A Comprehensive Guide to CPF in Singapore (2022)

Ready to Start Adulting? Here’s A Guide to Understanding CPF in Singapore

There is no doubt that contributing to Singapore’s Central Provident Fund or CPF is extremely valuable, especially if you want to achieve financial stability in the future.  

It is never too early to start planning for your retirement with your CPF. Unfortunately, CPF remains a confusing and heavy topic that many people do not understand.  

With rules dictating how much of your monthly income should be contributed to the plan, different accounts involved, certain withdrawal rules, and various retirement schemes, it is easy to get overwhelmed.  

In this guide, we will break down what CPF is so you can find out how you can leverage it to reach your financial goals.  

Here at OMY Singapore, you will discover the following:

What is CPF in Singapore?

CPF in Singapore

The Central Provident Fund is Singapore’s social security savings scheme funded by employees and employers.

CPF is controlled by the Central Provident Fund Board or CPFB, although CPF can refer to both the scheme, as well as the board that operates it. 

CPF started in 1955 as a way of ensuring all Singaporeans would be financially stable after retirement. When it was first introduced, it was deemed controversial, and many opposed it. But over the years, it became more popular and well-accepted.  

Over time, its purpose expanded from retirement alone to housing assistance in 1968, and healthcare in the 1980s. 

In time, your CPF savings can help you pay for housing, education, and medical needs, as well as your retirement. This is important considering that 3 out of 10 Singaporeans between ages 30 and 39 have not started planning for their financial needs when they finally retire.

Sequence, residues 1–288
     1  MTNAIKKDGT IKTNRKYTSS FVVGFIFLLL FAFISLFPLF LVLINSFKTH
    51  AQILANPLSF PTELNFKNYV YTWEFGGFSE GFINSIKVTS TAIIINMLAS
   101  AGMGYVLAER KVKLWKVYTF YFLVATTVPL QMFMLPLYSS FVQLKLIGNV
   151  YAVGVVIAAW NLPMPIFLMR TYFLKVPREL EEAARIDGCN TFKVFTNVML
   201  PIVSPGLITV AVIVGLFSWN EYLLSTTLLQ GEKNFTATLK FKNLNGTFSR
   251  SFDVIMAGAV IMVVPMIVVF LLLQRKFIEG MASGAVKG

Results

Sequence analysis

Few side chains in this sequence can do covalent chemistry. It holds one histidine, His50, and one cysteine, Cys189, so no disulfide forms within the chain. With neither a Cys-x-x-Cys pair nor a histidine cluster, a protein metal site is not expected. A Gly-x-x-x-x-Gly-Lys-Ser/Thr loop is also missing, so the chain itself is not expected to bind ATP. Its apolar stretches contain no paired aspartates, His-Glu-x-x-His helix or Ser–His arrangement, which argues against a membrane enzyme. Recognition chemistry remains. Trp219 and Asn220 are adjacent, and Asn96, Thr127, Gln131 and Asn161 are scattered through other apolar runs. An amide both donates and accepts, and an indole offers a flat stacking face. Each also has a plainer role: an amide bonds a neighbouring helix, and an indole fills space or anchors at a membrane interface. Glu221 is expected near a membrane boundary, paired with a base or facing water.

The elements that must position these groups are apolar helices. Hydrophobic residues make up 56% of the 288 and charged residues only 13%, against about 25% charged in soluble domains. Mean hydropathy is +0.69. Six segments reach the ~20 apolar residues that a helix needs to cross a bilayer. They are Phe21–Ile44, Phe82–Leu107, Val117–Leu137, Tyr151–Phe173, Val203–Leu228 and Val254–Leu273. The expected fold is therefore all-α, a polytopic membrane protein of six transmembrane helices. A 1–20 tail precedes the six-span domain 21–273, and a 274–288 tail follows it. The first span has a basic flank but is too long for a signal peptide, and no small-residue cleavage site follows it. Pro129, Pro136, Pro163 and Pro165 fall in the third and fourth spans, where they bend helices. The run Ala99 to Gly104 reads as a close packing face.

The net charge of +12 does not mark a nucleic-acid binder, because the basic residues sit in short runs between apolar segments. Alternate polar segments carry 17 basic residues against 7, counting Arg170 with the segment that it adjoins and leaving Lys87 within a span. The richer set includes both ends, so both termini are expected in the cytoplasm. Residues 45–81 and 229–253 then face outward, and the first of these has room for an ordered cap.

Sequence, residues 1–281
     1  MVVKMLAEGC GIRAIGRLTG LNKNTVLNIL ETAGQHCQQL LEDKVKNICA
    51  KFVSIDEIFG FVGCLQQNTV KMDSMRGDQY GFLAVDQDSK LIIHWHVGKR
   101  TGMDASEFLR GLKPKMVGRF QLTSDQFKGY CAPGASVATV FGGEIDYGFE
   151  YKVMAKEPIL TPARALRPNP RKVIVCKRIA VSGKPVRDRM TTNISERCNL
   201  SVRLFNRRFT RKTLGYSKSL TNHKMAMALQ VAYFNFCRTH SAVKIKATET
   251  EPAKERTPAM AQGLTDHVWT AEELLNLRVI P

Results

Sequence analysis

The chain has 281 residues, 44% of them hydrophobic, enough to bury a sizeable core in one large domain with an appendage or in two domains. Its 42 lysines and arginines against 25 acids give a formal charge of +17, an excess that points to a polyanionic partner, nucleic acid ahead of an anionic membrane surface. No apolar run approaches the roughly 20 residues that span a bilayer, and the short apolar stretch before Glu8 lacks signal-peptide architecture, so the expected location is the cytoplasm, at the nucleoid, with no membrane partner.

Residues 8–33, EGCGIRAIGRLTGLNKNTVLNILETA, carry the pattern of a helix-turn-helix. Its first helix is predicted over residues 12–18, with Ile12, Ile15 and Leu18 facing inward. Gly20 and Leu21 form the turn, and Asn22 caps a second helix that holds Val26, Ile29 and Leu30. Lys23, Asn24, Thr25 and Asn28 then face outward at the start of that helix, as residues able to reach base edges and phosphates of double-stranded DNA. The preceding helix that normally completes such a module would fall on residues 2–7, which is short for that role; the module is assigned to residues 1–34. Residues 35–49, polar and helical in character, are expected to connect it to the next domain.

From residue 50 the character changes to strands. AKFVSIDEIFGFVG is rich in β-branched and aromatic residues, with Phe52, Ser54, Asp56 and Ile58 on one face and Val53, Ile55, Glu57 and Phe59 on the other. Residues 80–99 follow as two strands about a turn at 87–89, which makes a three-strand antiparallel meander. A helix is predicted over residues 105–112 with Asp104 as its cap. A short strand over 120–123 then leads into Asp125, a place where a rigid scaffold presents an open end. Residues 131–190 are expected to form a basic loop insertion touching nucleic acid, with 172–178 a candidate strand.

Considering this, CPF provides a solution for those who want peace of mind that they have set aside money for their retirement. With this, they are also lessening the country’s risk of depending on its working population to support elderly residents. 

The major rationale behind this fund is that if people were not forced to contribute money to their CPF accounts, they would not have the means to pay for their medical bills or retirement needs.  

Moreover, it also helps the homeownership rate in Singapore stay high since the CPF fund can be used to purchase homes. 

How do CPF contributions in Singapore work? 

CPF works through an automatic payroll deduction system, and it goes into effect for those earning more than S$50 per month.  

Until you start earning S$500 per month, only the employer will contribute to the fund. For those earning more than S$500 per month, 5% to 20% of your salary must be contributed to the fund. 

Generally, employers are required to withhold a percentage of their employees’ salary so it can go to their CPF accounts as their contribution. Aside from this, the employer also contributes to the account of employees out of their pocket, above the stipulated salaries of workers. 

Since CPF is mandatory except for those working abroad, permanent residents and Singaporean citizens are required to start contributing money as soon as they land their first job, regardless of whether it is contractual, casual, or permanent.  

For new Permanent Residents (PR), they must contribute to the CPF at graduated rates for 2 years to adjust to their lower take-home pay.  

On the other hand, for those who are self-employed, only the MediSave contribution is mandatory (for those with an annual net trade income of more than S$6,000), but one can still contribute to all CPF accounts voluntarily.  

People who contribute to the CPF can only start withdrawing from their retirement account at 55 years old. If one wishes to receive his money at a later date, it means there will be more money in the account. 

CPF Contributions and Allocations in Singapore

The CPF contribution rate depends on the age bracket of workers, and it slowly decreases from 55 years old onwards.  

It is important to note that other payments such as cash incentives, bonuses, and commissions also attract CPF contributions.